If you are a postgraduate and were accepted at any colleges/universities or were in contact with any college coaches last year, you should write them and tell them you will be at Northwood and are still interested in their program.

Visit the College Guidance section of the www.NorthwoodSchool.com web site; find it under “Academics.” There you will have links to the college guidance blog, Family Connection and the College Guidance at Northwood Facebook page. Please follow us on Facebook.

Do not submit any applications this summer. All applications must be reviewed by your college counselor before being submitted. No essay is to be submitted unless a Northwood college counselor reads it first. See the enclosed “What Students and Parents Need to Know about Senior Year and the College Application Process” for more important information.

Please note that there will be an administrative charge of $10.00 for each transcript package mailed or faxed to a college after the student’s year of graduation.

If you have any questions regarding these matters, email me (spearj@northwoodschool.com). I look forward to working with you in September toward acceptance at your first choice college.

Best Wishes,

John Spear
Director of College Guidance

Enclosures:

 

What Students and Parents Need to Know about Senior Year and the College Application Process

the-road-to-collegeCollege counseling offices do things differently, depending on the school. Here is some important information about how Northwood School does college guidance.

  • The student is responsible for submitting SAT/ACT/TOEFL and other test scores to colleges. The college counselor can help!
  • Once admitted, the student must commit to only one college by May 1st and may not submit multiple deposits. Northwood School will only send out one Final Transcript. (Students taking a year off may defer admission to more than one school. Student may also continue to remain on waitlists after May 1).
  • It is Northwood School policy to answer the disciplinary questions asked of us by colleges and report any suspensions, expulsions, or probations. Northwood School is expected to report on any major disciplinary incidents until graduation.
  • Students must keep the college counseling office up-to-date on their college lists, so that the college guidance office is sending out application materials to the correct colleges. Students also need to update the college counseling office when they receive admission decisions from colleges.
  • Students are required to ask teachers to write recommendations by the third week in October. They will ask for two (2) Common Application recommendations and three (3) Northwood recommendations.
  • The student must give (in a timely fashion) teachers and the counselor all forms that need to accompany the application.
  • Any predictions that college counselors make about admissions decisions are their best guesses; this is a very human and unpredictable process.
  • Students must let the college counseling office know which colleges they are applying to with Early Decision or Early Action deadlines as soon as they know, but no later than Oct 24th. They must let the college counseling office know which colleges they are applying to with Regular Decision deadlines before Thanksgiving break. Any delay in this notification might delay Northwood School’s materials being sent to the colleges.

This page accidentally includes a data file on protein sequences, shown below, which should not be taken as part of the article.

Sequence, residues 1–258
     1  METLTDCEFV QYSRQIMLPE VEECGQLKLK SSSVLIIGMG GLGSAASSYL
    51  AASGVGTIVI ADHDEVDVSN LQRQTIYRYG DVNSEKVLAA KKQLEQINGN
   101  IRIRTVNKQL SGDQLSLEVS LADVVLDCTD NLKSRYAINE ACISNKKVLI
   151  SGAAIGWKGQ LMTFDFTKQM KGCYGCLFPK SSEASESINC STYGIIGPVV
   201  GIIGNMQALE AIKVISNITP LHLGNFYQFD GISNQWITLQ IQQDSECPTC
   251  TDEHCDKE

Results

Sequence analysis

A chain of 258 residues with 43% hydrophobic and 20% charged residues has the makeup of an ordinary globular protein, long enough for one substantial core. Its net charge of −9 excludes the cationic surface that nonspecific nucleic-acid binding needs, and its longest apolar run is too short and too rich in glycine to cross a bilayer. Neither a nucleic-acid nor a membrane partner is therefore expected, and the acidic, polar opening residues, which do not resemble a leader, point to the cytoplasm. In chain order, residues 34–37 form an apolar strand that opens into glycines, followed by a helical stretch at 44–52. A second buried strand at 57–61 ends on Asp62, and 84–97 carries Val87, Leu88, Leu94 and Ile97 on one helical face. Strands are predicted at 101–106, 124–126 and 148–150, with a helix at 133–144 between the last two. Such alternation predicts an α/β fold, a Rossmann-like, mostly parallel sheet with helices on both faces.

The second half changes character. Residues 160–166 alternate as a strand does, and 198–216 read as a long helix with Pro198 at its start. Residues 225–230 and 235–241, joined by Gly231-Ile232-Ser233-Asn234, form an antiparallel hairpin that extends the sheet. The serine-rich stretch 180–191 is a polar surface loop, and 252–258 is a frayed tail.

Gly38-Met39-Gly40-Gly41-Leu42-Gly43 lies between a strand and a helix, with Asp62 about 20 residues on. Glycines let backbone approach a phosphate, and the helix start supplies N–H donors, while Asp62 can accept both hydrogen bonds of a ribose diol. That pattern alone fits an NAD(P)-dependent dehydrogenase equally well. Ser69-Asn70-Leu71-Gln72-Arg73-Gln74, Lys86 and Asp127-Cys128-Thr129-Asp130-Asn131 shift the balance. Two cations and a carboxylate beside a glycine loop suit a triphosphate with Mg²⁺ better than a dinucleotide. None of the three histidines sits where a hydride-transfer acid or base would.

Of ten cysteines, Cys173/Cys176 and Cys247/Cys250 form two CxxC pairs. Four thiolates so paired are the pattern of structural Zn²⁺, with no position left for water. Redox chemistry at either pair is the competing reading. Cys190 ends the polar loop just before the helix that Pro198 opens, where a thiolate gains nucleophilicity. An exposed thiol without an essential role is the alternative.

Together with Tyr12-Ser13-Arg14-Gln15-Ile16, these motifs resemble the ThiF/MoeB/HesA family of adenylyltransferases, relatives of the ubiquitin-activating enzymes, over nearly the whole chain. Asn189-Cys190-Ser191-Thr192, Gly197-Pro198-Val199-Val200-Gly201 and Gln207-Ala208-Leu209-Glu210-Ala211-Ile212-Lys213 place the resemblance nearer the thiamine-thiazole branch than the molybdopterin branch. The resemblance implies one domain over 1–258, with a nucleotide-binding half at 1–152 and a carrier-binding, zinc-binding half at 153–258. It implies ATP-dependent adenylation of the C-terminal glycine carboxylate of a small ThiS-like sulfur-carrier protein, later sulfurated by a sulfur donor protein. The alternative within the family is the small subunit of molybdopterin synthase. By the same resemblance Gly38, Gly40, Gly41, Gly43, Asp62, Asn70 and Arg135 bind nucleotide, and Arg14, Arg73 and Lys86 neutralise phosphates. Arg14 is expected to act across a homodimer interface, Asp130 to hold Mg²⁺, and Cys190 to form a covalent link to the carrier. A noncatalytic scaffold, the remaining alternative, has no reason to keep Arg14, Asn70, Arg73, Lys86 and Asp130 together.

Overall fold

Remember this: despite the challenges of the college process, your senior year is about learning, being involved in the Northwood School community, and having balance in your life.

“Unfiltered” Advice for Parents and Students

adviceA writer with the Washington Post asked me and other college admission pros what we wish we “could say to parents and students about education, parenting, life and college but cannot, either because [we] want to keep [our] jobs or [we] think parents/kids are not ready to hear it.” We were assured our responses would be anonymous.

Here is my advice, no anonymity needed. Continue reading

How to Get Ready for Your Final or Midterm Exams

Keep Calm and Ace Your Finals1. Know Everything About the Actual Final

Some teachers will give students a practice exam that is exactly like the real final, except with different questions. Whether or not you are given a practice exam, be sure to know the answer to these questions:

  • What content is covered and what is not? If there will be no questions on a short story, textbook chapter or lab, then you don’t need to put in time studying. Know what you are responsible for knowing and spend time on that, and don’t waste a minute on anything that won’t be on the final.
  • How is the test structured? Are there essay questions? Identifications? Short answer? Term definitions? Matching? Know every detail about the test: how many sections, the question types in each section and the number of questions per section. On the day of the final, the structure and format of the test should be utterly familiar to you.
  • How much is each question type weighted? If key term definitions are worth 10% of the final, then you probably don’t want to spend 75% of your study time reviewing term flash cards. You probably want to spend most of your study time on the most valuable sections. Finally, have a pacing strategy for test day. You have a maximum of three and a half hours to take the exam (more if you have an extended time accommodation). Have a plan for how much you should spend on each section, and follow your plan.